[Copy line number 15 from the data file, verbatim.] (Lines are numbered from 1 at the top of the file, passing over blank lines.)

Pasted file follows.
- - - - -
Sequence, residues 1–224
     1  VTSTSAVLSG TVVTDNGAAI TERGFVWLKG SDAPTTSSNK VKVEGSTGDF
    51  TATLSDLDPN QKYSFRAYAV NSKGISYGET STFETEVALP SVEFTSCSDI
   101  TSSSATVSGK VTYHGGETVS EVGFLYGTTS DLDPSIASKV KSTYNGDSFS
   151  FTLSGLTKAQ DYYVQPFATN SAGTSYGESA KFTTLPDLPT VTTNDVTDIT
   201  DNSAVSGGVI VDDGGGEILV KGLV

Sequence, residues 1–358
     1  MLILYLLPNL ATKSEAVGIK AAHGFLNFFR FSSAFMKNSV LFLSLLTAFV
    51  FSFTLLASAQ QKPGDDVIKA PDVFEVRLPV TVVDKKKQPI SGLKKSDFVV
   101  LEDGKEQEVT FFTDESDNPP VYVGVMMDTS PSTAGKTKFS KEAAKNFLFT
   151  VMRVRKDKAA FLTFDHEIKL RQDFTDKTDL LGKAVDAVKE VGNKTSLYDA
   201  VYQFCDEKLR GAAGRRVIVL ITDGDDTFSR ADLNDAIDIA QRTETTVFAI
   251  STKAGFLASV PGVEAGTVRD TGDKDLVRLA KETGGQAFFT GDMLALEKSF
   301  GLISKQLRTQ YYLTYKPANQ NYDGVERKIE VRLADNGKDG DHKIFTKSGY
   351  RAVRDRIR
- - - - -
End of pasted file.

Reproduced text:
   351  RAVRDRIR